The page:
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their levees were overtopped during the stop. >> reporter: rescuers doing everything they can to reach survivors. >> from house to house, going past them and if people want to be evacuated, we put them on the boats to get them out. >> reporter: president biden declaring a major disaster in louisiana, promising a vast federal response. >> that's our job, if we work together, we're going to stand with you and the people of the gulf as long as it takes for you to recover. >> reporter: tonight, the concern in the hours ahead is the people still stuck in their homes without 911 and without power. many now turning to social me media. >> right now, we checking on everybody that we can. >> reporter: concerned families messaging vincent over facebook, asking him to check on their missing loved ones. and stranded residents reportedly giving a thumb's up to the coast guard, waiting to get out. >> and matt gutman, just extraordinary reporting all night long, all day long. he's with us from houma, and matt, more than a million customers without power and they said possibly for weeks.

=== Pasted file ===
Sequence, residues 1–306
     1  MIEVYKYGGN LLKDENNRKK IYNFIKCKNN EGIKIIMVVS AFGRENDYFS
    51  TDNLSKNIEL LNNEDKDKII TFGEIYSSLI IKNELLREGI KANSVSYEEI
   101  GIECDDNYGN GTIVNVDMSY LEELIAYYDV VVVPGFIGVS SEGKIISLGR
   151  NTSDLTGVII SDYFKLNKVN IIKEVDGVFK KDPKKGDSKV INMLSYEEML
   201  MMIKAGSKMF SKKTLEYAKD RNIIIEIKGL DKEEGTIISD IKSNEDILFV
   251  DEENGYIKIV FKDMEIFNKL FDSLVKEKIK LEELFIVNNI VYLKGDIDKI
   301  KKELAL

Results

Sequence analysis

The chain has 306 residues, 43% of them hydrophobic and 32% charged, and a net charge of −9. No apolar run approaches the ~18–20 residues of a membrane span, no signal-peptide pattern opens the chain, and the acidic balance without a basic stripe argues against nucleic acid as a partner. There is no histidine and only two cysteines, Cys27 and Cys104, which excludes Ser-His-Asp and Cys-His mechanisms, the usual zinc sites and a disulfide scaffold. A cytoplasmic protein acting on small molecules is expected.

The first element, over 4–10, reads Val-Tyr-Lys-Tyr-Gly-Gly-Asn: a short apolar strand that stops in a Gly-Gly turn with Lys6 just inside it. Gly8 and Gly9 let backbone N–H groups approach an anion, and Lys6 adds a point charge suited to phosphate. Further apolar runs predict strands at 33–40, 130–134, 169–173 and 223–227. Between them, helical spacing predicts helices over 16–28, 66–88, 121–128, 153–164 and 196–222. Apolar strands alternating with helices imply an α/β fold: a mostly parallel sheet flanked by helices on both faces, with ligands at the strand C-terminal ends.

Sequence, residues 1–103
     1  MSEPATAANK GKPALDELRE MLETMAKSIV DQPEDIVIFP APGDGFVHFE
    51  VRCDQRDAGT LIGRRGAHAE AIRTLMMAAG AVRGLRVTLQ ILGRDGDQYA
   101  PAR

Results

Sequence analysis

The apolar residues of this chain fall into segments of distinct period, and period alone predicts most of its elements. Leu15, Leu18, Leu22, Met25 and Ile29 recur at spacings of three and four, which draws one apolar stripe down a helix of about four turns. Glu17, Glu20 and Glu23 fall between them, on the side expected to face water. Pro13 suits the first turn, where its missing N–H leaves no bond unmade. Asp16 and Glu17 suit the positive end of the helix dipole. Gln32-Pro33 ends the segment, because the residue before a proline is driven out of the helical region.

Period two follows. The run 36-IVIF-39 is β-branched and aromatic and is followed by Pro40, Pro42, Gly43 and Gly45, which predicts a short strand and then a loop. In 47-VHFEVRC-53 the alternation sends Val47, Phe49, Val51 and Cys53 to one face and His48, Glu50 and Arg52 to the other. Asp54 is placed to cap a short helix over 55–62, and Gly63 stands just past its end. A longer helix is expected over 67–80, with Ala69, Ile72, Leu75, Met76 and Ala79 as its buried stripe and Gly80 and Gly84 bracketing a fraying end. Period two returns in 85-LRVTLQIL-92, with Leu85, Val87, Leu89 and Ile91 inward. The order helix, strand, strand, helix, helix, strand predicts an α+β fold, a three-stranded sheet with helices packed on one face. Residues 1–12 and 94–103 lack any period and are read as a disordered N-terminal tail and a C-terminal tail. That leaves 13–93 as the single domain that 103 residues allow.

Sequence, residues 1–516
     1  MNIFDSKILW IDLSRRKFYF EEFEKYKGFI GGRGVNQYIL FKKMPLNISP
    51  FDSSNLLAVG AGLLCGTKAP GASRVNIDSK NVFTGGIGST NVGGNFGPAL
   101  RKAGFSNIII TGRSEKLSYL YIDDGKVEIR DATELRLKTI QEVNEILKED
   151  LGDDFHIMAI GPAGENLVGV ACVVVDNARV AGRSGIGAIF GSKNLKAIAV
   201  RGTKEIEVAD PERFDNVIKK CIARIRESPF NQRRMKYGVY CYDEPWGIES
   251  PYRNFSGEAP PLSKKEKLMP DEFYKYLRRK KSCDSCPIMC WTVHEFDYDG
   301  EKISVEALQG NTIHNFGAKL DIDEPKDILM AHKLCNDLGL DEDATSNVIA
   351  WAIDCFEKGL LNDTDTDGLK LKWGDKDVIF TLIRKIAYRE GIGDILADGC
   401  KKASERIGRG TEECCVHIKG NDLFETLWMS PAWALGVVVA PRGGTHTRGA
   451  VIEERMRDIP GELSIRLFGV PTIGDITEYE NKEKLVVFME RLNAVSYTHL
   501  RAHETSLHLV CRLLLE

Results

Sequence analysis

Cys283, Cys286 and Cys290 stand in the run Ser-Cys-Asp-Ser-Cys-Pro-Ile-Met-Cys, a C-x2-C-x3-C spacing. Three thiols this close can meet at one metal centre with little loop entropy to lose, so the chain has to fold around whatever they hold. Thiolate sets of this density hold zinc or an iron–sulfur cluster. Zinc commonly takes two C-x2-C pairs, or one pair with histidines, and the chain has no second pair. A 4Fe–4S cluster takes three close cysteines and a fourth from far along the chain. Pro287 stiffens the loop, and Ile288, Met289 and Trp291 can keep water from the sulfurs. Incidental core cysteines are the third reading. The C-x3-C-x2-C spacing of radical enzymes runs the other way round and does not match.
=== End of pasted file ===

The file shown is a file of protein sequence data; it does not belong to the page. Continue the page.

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and i know there are reports many people are still stranded tonight. you're learning new information about the rescue operation under way? >> reporter: it is breathtaking in scale, that rescue operation. already 5,000 national guard here. more on the way, virtually every local and state and federal agency sending personnel and vehicles. and of course, hundreds from the cajun navy with their high water vehicles and shallow draft boats. and perhaps what we saw in la mras encapsulates i'm told they're going to continue working until nightfall and then start right back up in the morning. hundreds, david, have been rescued so far. >> we're thinking about everyone there in louisiana tonight. matt, thank you. and of course, one of the major questions going into this hurricane in new orleans, was would the levees hold. they did, but what happened to the power grid. all eight transmission lines feeding the city failing.